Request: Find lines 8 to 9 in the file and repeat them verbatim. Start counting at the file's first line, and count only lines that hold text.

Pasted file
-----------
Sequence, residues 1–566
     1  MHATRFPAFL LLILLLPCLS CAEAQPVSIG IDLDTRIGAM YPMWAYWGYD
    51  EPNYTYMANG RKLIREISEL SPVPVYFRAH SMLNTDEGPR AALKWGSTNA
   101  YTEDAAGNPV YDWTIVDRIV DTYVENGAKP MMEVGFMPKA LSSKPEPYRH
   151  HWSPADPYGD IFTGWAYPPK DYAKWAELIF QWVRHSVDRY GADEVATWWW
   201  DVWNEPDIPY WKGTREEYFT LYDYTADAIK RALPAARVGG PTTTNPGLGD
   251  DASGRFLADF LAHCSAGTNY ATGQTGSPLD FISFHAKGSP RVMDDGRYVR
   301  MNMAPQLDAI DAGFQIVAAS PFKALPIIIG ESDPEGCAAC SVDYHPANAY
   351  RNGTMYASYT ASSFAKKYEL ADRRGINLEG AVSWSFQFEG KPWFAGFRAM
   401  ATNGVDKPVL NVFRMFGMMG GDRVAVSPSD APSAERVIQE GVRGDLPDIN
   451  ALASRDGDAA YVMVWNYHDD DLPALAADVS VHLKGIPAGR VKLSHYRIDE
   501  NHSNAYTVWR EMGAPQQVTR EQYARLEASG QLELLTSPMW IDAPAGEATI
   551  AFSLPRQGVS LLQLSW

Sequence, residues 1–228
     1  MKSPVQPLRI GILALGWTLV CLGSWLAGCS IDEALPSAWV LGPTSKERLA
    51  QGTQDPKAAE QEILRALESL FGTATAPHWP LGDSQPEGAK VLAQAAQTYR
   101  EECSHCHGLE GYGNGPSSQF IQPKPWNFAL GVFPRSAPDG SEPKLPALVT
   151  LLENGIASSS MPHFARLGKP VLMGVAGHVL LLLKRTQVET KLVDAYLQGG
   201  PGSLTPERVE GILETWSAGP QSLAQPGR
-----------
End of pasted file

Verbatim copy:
   301  MNMAPQLDAI DAGFQIVAAS PFKALPIIIG ESDPEGCAAC SVDYHPANAY
   351  RNGTMYASYT ASSFAKKYEL ADRRGINLEG AVSWSFQFEG KPWFAGFRAM